Special Report: Why is Huawei in the middle of the US-China trade war?
President Trump and Chinese President Xi Jinping have called another “truce” on escalating the trade war (the third so far). We all know that this is a fragile peace, but the toning down is a welcome relief to markets.
So how does Huawei (pronounced “wah-way”) fit into all of this?
The Wall St Journal reported that China wants “the US to remove its ban on the sale of US technology to Chinese telecommunications giant Huawei Technologies.”
Lifting the Huawei ban is a particularly sensitive subject, given that the US has accused the Chinese tech giant of intellectual property theft and it has become the poster-child for Forced Technology Transfer (better get used to hearing this term).
What is Forced Technology Transfer (FTT)? (Yes, there is already a financial acronym for it)
FTT is a practice in which a domestic government forces foreign businesses to share their technology in exchange for market access. The method is standard in China. When a company wants to enter the Chinese market, the Chinese government can compel the firm to share its technology with Chinese companies.
There are good reasons why Huawei has become one of the focal points of the trade war. It is a leader in Artificial Intelligence (AI), it is building a massive 5G network, and it has become a dominant force among phone makers – second only to Samsung after surpassing Apple for the first time last year.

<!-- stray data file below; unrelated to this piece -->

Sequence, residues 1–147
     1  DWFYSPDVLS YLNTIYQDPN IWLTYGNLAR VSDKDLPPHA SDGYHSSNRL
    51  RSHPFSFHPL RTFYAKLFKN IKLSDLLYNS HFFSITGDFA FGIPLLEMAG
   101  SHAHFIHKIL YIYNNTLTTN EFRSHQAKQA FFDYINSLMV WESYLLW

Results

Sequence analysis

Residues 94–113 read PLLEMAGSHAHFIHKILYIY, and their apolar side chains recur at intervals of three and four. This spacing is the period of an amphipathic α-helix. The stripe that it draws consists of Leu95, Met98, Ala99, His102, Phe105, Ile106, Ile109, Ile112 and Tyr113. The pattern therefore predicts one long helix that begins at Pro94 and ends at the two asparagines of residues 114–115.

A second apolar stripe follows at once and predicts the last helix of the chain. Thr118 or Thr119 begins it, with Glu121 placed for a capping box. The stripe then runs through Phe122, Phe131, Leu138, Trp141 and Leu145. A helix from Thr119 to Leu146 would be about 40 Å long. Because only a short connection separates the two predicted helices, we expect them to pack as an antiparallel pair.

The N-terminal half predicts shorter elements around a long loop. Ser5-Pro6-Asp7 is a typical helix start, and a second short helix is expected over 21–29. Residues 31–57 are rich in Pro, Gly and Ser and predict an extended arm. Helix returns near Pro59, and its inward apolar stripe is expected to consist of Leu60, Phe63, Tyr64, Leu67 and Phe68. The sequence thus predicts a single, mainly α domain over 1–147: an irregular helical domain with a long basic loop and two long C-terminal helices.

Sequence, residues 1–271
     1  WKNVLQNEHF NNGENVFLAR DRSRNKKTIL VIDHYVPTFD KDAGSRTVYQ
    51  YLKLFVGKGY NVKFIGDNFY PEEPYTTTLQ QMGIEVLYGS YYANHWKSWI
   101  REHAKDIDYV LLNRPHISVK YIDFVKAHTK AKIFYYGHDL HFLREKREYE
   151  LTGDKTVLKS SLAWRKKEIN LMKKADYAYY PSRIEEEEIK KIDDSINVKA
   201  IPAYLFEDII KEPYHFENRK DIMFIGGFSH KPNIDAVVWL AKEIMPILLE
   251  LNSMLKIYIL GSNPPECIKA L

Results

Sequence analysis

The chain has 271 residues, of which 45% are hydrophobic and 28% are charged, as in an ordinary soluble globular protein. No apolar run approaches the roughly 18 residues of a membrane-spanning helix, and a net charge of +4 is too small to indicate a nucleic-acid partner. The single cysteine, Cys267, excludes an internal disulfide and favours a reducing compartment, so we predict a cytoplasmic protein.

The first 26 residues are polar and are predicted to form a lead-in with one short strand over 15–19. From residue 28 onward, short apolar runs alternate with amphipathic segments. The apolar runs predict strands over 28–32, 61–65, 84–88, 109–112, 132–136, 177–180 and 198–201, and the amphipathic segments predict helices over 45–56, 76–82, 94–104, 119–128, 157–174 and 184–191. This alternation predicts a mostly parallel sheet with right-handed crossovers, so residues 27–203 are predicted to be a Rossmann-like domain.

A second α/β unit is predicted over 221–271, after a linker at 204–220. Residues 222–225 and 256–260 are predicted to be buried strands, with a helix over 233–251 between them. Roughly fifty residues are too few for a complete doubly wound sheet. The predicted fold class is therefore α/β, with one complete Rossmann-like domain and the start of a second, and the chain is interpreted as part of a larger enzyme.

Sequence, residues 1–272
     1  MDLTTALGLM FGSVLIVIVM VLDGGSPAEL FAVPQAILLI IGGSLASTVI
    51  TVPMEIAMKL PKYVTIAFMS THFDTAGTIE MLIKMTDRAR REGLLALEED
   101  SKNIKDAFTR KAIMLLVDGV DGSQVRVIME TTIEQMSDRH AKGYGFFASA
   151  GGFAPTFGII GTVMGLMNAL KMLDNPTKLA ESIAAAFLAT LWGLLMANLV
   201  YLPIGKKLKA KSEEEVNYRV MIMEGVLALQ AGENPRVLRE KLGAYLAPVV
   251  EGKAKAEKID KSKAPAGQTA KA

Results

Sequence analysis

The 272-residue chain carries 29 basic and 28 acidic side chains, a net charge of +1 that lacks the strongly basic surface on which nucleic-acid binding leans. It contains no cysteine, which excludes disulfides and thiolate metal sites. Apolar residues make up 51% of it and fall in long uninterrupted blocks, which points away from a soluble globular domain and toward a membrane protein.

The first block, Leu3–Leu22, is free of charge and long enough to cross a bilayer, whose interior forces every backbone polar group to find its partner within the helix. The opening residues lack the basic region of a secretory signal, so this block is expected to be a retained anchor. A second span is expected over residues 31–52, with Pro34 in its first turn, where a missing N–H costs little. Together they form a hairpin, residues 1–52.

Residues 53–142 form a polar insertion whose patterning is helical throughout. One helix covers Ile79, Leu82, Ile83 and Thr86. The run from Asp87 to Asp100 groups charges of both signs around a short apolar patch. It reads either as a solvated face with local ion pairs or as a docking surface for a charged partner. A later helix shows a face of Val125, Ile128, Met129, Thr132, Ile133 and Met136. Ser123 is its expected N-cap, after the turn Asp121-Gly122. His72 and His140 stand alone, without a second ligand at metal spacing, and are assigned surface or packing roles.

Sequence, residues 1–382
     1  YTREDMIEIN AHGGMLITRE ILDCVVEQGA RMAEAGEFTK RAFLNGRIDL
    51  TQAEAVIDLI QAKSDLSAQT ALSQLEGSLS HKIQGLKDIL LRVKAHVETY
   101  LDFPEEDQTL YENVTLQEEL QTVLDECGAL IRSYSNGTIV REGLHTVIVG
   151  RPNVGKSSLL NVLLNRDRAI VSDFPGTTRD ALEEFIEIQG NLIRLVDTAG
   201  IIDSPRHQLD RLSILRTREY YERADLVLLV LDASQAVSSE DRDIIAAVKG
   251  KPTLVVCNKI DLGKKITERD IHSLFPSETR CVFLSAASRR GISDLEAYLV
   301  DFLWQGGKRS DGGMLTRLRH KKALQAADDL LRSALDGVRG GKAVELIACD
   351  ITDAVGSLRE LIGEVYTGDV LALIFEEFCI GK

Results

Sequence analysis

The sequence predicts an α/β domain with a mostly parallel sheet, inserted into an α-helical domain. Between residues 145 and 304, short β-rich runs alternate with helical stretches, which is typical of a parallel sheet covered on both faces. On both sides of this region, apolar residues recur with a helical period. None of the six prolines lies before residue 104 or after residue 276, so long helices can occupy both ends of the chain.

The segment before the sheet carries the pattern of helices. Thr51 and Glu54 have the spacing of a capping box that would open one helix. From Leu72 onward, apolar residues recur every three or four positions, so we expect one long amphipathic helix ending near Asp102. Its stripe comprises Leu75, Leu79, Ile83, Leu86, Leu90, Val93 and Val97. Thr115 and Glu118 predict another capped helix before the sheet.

Let’s take a step back to get an overview of Huawei
Huawei is the Chinese version of Apple.
The founder and current CEO of Huawei, Ren Zhengfei, was previously an officer in China’s People’s Liberation Army, the armed forces of the Communist Party of China. The company got its start by manufacturing phone switches and then expanded in the 1990s when it built a series of telecommunications networks both in China and abroad.
Since then, the company has mushroomed in size from a regional player into a “leading global provider of information and communications technology (ICT) infrastructure and smart devices,” according to its website. The company focuses its efforts across four domains: telecommunications networks, IT, smart devices, and cloud services.
According to the company website, Huawei generated an annual revenue of more than $104 billion in US dollars last year.
Huawei has become so big that it now sells millions of smartphones annually, prompting several countries to grow concerned that the company may use its technology to spy on customers. The fact that its CEO had been a member of the People’s Liberation Army has added to concerns of individuals and governments, who already are inclined to mistrust China’s political leadership. Huawei insists that it has no ties to the Chinese government and that it acts as an independent company.
Espionage allegations first surfaced in 2012. A US Congressional Panel concluded that both Huawei and ZTE Corporation, a rival Chinese telecom company, could pose a security threat.
In early 2018, a Senate Intelligence Committee hearing warned about potential national security threats and discouraged American companies from conducting business with Huawei and ZTE. US intelligence agencies have alleged that Huawei equipment could contain “backdoor” applications which would allow the Chinese government to spy on customers internationally. At the time of writing, no evidence of these secretive tools has been released publicly, and the company has repeatedly denied these allegations.
Since 2012, other countries have also grown suspicious that the Chinese government may be spying on customers through Huawei products. In July 2018, the UK government released a report indicating it had “only limited assurance” that the company’s telecommunications equipment would not pose a threat to the country’s security. Australia and New Zealand followed by excluding Huawei and ZTE from their 5G networks.
The arrest of Huawei CFO